There are 2 main definitions of genial in English:

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genial1

Syllabification: ge·ni·al
Pronunciation: /ˈjēnyəl
 
/

adjective

1Friendly and cheerful: waved to them in genial greeting
More example sentences
  • Food sources aside, the meal was a lot of fun, not least because of the genial company and the friendly service.
  • The husband was a tall and genial fellow, friendly, youthful and easy-going.
  • Every holiday I have, I come back to Shanghai, I find life here is so much easier, the people are so genial and friendly.
Synonyms
1.1(Especially of air or climate) pleasantly mild and warm.
Example sentences
  • He felt the students piled behind him surge out of the doors and walk around him hurriedly, as he stopped for a moment to breathe in the genial summer air.
  • The sun shone with a genial warmth that added very materially to the enjoyment of the huge crowd.

Origin

mid 16th century: from Latin genialis 'nuptial, productive', from genius (see genius). The Latin sense was adopted into English; hence the senses 'mild and conducive to growth' (mid 17th century), later 'cheerful, kindly' (mid 18th century).

More
  • gender from (Late Middle English):

    The words gender and engender (Middle English) go back via Old French to Latin genus ‘birth, family, nation’, a word that was reborrowed in the early 17th century for scientific classification, although it had been in use 50 years earlier in logic. In modern French the ‘d’ was lost to produce genre, a word reborrowed in the early 19th century. Generation (Middle English), generate (early 16th century), engender (Middle English), generosity (Late Middle English), genial (mid 16th century), and degenerate (Late Middle English) are all from the same source.

Derivatives

genially

1
adverb
Example sentences
  • As a journal profoundly identified with Hamilton's city, we have always taken a genially cosmopolitan view of people pursuing their own happiness in their own way.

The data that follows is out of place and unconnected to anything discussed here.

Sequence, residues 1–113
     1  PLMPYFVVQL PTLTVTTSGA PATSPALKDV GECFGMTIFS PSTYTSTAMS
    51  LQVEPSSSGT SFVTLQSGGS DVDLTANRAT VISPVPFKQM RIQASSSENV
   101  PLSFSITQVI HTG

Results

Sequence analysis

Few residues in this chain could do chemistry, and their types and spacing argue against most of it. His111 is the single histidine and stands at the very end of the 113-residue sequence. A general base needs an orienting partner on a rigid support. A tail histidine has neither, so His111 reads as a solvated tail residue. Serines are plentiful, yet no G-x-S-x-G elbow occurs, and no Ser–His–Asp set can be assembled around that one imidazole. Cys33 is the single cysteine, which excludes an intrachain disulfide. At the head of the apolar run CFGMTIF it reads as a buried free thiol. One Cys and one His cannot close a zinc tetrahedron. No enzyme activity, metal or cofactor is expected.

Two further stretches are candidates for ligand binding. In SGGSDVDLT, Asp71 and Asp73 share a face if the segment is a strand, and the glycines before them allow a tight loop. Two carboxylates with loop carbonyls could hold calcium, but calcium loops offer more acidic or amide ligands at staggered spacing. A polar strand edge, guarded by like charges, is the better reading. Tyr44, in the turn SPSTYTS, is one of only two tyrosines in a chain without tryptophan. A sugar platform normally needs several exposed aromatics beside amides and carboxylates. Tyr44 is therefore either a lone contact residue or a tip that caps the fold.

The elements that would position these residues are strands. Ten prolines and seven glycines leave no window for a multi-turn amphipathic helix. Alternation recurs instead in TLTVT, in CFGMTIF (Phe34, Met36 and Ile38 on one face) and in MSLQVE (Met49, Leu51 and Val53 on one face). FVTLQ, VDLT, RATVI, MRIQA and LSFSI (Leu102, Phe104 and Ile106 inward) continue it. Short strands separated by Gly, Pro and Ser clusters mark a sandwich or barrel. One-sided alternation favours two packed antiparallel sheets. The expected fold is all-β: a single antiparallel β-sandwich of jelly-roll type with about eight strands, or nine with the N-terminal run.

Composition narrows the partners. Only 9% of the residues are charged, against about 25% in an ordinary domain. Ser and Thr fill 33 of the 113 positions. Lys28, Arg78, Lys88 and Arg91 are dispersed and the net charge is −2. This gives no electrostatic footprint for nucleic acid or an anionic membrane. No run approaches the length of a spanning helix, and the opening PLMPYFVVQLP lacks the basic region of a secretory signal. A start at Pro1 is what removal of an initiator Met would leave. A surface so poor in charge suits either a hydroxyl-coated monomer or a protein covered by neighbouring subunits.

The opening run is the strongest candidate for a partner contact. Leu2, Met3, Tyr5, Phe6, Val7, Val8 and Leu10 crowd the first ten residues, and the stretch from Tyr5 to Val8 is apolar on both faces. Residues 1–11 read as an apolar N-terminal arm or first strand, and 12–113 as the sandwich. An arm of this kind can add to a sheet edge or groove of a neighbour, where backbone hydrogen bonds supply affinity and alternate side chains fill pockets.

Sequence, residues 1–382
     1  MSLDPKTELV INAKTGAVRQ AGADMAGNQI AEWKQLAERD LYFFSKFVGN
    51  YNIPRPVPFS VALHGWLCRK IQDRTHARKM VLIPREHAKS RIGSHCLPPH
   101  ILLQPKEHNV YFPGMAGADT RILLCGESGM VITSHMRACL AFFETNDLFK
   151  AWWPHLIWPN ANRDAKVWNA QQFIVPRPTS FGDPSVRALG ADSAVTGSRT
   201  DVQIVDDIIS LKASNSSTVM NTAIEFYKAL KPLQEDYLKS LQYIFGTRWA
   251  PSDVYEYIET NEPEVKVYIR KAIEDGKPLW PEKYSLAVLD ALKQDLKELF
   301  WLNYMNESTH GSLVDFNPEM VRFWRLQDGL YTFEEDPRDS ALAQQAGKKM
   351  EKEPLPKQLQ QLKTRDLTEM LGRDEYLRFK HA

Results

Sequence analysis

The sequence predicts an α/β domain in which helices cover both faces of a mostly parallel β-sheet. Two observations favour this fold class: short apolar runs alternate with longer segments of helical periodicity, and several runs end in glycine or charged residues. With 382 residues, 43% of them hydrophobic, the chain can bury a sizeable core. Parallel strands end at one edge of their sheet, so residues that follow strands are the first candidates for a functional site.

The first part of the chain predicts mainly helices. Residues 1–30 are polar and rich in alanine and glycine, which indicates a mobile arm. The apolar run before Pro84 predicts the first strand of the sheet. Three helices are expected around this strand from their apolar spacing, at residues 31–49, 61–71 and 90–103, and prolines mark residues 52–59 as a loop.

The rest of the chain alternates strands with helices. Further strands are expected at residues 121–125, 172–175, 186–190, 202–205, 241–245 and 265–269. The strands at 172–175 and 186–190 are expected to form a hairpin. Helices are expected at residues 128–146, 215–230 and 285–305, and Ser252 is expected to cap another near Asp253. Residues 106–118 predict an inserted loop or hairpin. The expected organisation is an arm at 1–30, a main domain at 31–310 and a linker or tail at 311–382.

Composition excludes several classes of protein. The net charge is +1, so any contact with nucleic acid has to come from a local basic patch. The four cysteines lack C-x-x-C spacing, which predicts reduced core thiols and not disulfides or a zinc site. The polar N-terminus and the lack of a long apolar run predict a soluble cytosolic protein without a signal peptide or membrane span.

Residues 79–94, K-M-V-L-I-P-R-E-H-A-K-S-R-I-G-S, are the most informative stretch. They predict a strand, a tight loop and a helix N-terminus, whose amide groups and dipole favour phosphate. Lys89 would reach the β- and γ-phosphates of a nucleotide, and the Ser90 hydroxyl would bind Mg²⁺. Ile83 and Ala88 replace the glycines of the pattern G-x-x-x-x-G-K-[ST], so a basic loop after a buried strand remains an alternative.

• Our guide genially points out details while indicating that there is far more here than he can convey to visitors - that some mysteries have to remain unexplained.
  • Between the tunes he chatted to the audience like friends, as well as genially encouraging those with instruments to come up and play with the band.

Words that rhyme with genial

empyreal, hymeneal, peritonealcongenial, menial, venial

Definition of genial in:

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There are 2 main definitions of genial in English:

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genial2

Syllabification: ge·ni·al
Pronunciation: /jəˈnēəl
 
/

adjective

Anatomy , rare
Of or relating to the chin.
Example sentences
  • A small rectangular bone cut is made inside the lower lip, below the gums and tooth roots, centered over the genial tubercle, above the inferior border of the jaw.

Origin

mid 19th century: from Greek geneion 'chin' (from genus 'jaw') + -al.

More
  • gender from (Late Middle English):

    The words gender and engender (Middle English) go back via Old French to Latin genus ‘birth, family, nation’, a word that was reborrowed in the early 17th century for scientific classification, although it had been in use 50 years earlier in logic. In modern French the ‘d’ was lost to produce genre, a word reborrowed in the early 19th century. Generation (Middle English), generate (early 16th century), engender (Middle English), generosity (Late Middle English), genial (mid 16th century), and degenerate (Late Middle English) are all from the same source.

Definition of genial in:

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